[La Opinión de Málaga, 2 June 2013]

Ivan Sache, 19 September 2016


Coat of arms of Málaga

The coat of arms of Málaga is prescribed by Decree No. 205, adopted on 16 July 2002 by the Government of Andalusia and published on 20 August 2002 in the official gazette of Andalusia, No. 97, p. 16,255 (text). This was confirmed by a Resolution adopted on 30 November 2004 by the Directorate General of the Local Administration and published on 20 December 2004 in the official gazette of Andalusia, No. 246, pp. 28,986-29,002 (text).
The Decree prescribes the modification of the coat of arms as follows:

The re-establishment of the red colour - gules - in the field of the shield.

The Preamble of the Decree explains that the municipality found it necessary to modify the coat of arms to be compliant with its "most faithful historical tradition." The memoir supporting the proposed modification includes a copy of the Royal Letters granting the arms; here the field of the shield is prescribed as colorado. With time, modifications of the shield drifted from the original. The proposed modification was validated on 21 April 1999. The registration process of the modification was initiated on 29 October 1999 by the Municipal Council; the modification was validated on 23 May 2002 by the Royal Academy of Córdoba.

The coat of arms is described in Article 3 of the Regulations of Protocol and Ceremonial of the town (text), as follows:

By Royal Letters signed on 30 August 1494, the Catholic Monarchs granted to Málaga a coat of arms that includes the following heraldic components:
On a red field - gules-, representing the conquest of the town, the image of the town and of the fortress of Gibralfaro, in proper colours, with the captives' enclosure (Christian booty), the captives in black and white - argent and sable.
With all due respect to the martyr saints of Málaga, Sts. Syriacus and Paula*, their representation at pryer, "at the level" of the towers of Gibralfaro, with a blue cloak - azure - and a golden tunica - or, the collar of St. Paula golden - or -, too.
In the lower part, at the foot of Gibralfaro and the walls, to represent the port, sea waves azure and argent.
The shape of the shield and the crown, as traditionally used.

Article 3 further prescribes the use of the coat of arms on the flag of the town, used either outdoors or inside municipal buildings.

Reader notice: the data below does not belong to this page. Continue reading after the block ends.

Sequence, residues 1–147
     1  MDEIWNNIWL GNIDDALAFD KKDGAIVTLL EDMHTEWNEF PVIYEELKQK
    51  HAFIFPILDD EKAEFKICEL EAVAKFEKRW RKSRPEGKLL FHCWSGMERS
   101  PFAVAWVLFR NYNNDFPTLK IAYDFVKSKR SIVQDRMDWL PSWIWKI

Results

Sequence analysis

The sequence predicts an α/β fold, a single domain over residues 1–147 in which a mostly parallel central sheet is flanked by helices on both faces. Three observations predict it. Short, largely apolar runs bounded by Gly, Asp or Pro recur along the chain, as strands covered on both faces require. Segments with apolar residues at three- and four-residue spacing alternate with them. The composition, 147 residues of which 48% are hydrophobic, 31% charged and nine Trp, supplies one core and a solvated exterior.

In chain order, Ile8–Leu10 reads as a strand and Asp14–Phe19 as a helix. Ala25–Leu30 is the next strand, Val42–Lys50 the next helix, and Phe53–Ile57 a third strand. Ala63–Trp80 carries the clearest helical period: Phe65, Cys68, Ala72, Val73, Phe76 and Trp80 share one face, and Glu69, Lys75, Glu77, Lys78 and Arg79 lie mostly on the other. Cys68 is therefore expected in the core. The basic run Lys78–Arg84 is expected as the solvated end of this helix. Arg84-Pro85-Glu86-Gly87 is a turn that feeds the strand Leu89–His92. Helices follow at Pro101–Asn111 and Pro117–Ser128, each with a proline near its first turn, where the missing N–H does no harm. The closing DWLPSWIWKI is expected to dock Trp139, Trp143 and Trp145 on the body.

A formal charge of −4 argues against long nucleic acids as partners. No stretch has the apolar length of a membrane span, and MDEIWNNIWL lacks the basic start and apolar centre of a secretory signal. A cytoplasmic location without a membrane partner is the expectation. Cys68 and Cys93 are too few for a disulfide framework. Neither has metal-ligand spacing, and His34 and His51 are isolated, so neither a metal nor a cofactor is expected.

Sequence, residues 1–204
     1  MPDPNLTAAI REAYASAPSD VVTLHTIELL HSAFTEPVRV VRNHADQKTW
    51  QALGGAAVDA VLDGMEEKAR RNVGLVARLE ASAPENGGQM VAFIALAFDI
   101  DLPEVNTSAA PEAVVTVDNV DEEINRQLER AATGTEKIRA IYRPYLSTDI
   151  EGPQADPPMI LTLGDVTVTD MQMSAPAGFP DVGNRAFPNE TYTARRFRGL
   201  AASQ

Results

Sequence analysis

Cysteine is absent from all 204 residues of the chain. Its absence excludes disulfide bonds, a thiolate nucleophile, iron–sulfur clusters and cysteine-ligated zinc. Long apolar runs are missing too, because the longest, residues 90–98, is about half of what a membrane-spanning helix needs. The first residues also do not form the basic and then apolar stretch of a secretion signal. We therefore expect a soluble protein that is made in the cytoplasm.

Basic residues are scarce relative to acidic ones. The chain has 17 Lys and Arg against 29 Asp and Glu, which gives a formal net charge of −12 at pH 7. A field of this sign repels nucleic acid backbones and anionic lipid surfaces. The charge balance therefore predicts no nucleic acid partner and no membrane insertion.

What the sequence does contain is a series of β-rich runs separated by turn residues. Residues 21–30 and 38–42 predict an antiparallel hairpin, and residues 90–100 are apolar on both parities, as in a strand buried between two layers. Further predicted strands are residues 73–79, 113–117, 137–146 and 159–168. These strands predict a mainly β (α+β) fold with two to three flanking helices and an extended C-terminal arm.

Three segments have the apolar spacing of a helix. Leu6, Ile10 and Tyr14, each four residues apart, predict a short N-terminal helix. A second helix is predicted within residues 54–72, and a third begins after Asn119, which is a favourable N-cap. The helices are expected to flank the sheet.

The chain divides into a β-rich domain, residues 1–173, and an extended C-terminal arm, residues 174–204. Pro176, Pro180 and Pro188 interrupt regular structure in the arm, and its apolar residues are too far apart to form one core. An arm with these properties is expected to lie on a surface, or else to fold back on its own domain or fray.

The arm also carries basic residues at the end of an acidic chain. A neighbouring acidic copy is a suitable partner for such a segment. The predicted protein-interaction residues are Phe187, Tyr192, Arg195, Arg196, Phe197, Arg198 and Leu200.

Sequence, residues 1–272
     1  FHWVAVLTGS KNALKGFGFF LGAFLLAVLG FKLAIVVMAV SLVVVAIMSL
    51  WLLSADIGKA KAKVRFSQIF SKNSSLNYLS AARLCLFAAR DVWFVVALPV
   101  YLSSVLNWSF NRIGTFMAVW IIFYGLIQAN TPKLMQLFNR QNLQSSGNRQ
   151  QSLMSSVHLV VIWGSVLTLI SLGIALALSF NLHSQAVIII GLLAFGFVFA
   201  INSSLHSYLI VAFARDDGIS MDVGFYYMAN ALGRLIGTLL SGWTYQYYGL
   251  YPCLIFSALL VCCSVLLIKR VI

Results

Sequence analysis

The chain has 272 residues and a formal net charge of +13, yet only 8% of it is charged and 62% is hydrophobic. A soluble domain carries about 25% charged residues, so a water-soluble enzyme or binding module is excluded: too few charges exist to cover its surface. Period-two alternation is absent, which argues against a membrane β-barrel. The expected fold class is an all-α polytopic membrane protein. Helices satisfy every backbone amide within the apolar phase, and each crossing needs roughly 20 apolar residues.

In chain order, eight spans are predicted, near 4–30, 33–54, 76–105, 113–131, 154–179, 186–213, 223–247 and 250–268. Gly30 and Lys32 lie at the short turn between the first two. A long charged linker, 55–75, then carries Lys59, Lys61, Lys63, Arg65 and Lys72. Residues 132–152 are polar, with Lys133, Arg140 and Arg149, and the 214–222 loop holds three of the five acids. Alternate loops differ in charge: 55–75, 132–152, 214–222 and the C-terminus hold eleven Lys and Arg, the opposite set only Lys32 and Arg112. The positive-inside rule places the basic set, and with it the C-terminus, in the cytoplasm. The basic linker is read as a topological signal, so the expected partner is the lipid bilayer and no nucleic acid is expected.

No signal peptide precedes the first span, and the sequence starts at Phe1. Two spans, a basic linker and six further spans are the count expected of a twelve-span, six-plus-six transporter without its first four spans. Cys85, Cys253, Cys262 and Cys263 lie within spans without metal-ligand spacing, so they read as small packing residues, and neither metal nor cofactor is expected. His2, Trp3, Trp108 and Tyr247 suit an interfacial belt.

The shield is surrounded by scrolls inscribed with the titles and mottos granted to the town, which are described in Article 2 of the Regulations of Protocol and Ceremonial of the town (but not in the description of the arms!):

Dexter and chief: "Siempre Denodada" (Always Bold) and "La Primera en el Peligro de la Libertad" (The First to Defend Threatened Liberty), a title and a motto granted on 21 August 1843 to recall the political struggle that ended with the fall of General Espartero [Regent from 1841 to 1843].
Sinister: "Muy Hospitalaria" (Very Hospitable), a title granted on 1 February 1901 as a reward for the abnegation and solidarity of the inhabitants of the town after the wreck of the German frigate Gneisenau; "Muy Benéfica (Very Beneficial), a title granted on 28 February 1922 as a reward for the beneficial and altruist care of the inhabitants of the town for the injured of the Moroccan War and their support to an hospital.
Base: "Muy Noble y Muy Leal Ciudad de Málaga. "Muy Noble" is a title granted in 1492 when the municipal government decided that the title should appear on all official documents to highlight the noble lineage of most of the new colonists of the town; "Muy Leal" is a title granted on 1640 by Philip IV to reward the town for its support to the crown, especially a big amount of money.
"Tanto Monta" (They Amount to the Same), the motto of the Catholic Monarchs, documented on the arms of the town since 1642.

The "rehabilitation" of the coat of arms was, undoubtedly, based on Rafael Bejarano's study (El Escudo de Málaga. Approximación a su realidad heráldica. Part I, Isla de Arriarán, 1, 15-18, 1993; Part II, Isla de Arriarán, 2, 7-12, 1993; Part III, Isla de Arriarán, 3, 11-19, 1994).
The coat of arms of Málaga is part of the Corporative Identity of the municipality.

*Syriacus and his sister, Paula, were allegedly stoned in Málaga during the Diocletian persecution. Informed of the Christian reconquest of the town, Pope Innocent VIII sent a letter to the Catholic Monarchs, stating that the town had been consecrated by the martyr of Sts. Syriacus and Paula, stoned like the first martyr, Stephen. Accordingly, the inhabitants of Málaga placed the town under the protection of the saints.
[Vie des saints pour tous les jours de l'année suivant l'ordre de l'office romain, Society of Jesus, 1849, pp. 212-214]

Ivan Sache, 19 September 2016